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    Quote Originally Posted by ettore View Post
    IMO makes the bike look like a BMX, and nobody over 15 should be riding a BMX, let alone 32. .
    Hmmm. Been to a bmx race lately and seen the full classes age 25-30, 30-35, 35+ categories? Ever ridden a 24" or 26" wheel bmx? Pump track riding IS bmx riding.


    Brian Foster, at age 36:

    Fitbikeco "Stay Fit" - Brian Foster - YouTube

  8. #8
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    Quote Originally Posted by strader View Post
    rigid - you'll pop higher, pump faster, and progress quicker.
    Quote Originally Posted by OGJON View Post
    X2 for rigid, plus you'll learn how to land softly so it doesn't hurt & you'll become a better rider, rather than relying on the suspension fork to take the hits.
    Having moved from bmx (20" and 24") to DJ-mtb, I don't think a good sus fork detracts at all from pump track/dirt jump riding. If anything I'd say I've progressed even more, because of the smoothness and generally going bigger and faster. Most of your boost/pump comes from your feet and rear triangle of the bike. I don't disagree though that everyone should at least try rigid for a while, especially to break some bad habits.

  9. #9
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    Quote Originally Posted by cmc4130 View Post
    Hmmm. Been to a bmx race lately and seen the full classes age 25-30, 30-35, 35+ categories? Ever ridden a 24" or 26" wheel bmx? Pump track riding IS bmx riding.


    Brian Foster, at age 36:

    Fitbikeco "Stay Fit" - Brian Foster - YouTube
    Oh, I know they exist. Mushc like bears riding bicycles exist; doesn't mean it doesn't look odd. I realise many people love BMX riding, I just think it looks odd seeing a "father" on a BMX.

  10. #10
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    Quote Originally Posted by ettore View Post
    Oh, I know they exist. Mushc like bears riding bicycles exist; doesn't mean it doesn't look odd. I realise many people love BMX riding, I just think it looks odd seeing a "father" on a BMX.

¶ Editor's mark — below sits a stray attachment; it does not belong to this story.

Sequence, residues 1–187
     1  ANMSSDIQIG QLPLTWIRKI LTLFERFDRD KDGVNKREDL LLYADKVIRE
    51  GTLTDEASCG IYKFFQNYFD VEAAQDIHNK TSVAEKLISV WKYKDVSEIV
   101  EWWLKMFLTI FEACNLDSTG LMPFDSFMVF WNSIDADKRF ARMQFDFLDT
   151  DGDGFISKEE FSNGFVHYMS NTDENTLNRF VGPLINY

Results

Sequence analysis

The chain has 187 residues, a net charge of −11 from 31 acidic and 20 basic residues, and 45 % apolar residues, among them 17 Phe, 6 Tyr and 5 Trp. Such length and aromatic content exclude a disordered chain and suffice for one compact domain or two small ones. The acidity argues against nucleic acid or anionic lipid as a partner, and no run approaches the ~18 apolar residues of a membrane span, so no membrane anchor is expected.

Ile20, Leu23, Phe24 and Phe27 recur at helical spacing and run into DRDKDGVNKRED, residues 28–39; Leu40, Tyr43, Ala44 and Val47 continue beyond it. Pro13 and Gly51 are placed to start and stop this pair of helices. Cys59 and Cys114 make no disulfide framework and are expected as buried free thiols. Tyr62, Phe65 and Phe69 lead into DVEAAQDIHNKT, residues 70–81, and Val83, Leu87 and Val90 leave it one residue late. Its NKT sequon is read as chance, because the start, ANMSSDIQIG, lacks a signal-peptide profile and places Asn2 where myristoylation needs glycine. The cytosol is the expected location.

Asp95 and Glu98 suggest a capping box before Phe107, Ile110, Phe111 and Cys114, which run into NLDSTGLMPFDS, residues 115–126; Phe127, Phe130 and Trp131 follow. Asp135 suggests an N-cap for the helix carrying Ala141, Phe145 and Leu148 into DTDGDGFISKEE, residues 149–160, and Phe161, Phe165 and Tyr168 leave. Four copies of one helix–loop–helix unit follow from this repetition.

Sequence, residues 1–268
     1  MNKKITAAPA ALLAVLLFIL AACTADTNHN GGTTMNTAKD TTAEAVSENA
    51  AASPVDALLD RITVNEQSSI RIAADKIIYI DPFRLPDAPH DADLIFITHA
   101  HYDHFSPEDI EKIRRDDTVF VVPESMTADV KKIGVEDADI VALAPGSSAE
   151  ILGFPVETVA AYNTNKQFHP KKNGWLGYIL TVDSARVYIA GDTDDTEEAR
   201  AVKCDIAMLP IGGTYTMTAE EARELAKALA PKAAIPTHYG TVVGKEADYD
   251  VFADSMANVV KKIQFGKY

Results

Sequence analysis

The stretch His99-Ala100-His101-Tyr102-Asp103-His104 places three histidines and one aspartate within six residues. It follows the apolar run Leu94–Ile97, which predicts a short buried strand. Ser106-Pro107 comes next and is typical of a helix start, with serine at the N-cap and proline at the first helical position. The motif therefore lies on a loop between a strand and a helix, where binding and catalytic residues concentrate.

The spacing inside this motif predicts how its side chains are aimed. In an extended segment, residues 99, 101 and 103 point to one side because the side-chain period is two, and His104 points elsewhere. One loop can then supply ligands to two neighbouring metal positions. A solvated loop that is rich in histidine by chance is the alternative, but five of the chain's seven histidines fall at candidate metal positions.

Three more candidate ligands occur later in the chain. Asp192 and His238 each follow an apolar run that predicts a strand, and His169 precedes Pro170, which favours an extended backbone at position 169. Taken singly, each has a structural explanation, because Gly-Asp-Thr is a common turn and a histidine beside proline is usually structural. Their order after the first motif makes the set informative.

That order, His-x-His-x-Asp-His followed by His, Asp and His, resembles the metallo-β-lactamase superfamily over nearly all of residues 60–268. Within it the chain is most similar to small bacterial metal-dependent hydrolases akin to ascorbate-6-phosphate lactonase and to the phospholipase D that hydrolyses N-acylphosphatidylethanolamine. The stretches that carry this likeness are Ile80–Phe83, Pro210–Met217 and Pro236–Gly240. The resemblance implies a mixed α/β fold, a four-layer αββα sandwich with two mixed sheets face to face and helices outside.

you clearly don't hang out at good pump tracks and dj's enough then.



    two of my bro's from the trails. both 40+.





  11. #11
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    I switched to a rigid fork on my 26" pumptrack/ DJ bike when I got it and love it... It had a DJ2 on it. I'd definately recommend it if you're doing more pumptrack that jumping.

    I also race it in the 36-40 cruiser class. Never realized I looked odd or shouldn't be doing it... I really enjoy going to the track with my kids, and it's great cross training for XC. The lines between MTB and BMX have really been blured with the DJ bikes.

    -David

  12. #12
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    Quote Originally Posted by ettore View Post
    nobody over 15 should be riding a BMX, let alone 32.
    I'm 37 and still ride my BMX although not as often since I got my DJ bike.


    John Faure is 47 and rips
    Jon Faure conquers the Mega Ramp - YouTube

  13. #13
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    I picked up a Rockshox Sektor several weeks back for my DJ/pumptrack bike. 20mm thru-axle, great damper, and highly adjustable air-spring. Lowered it from 150mm to 100mm and its rocking. Less than $400 for the fork brand new at aawyeah.com with free shipping as well.

    It's pretty much an Argyle RCT but with an aluminum steerer rather than steel. Not a big issue for me but might be a concern if you're going really big. I've had the opposite experience from you and love RS as a brand, so easy to maintain their forks. Simple innards that just work really well.

    That being said, I was looking for lightly used X-Fusion Vengeances to lower mainly just because I want to try one out.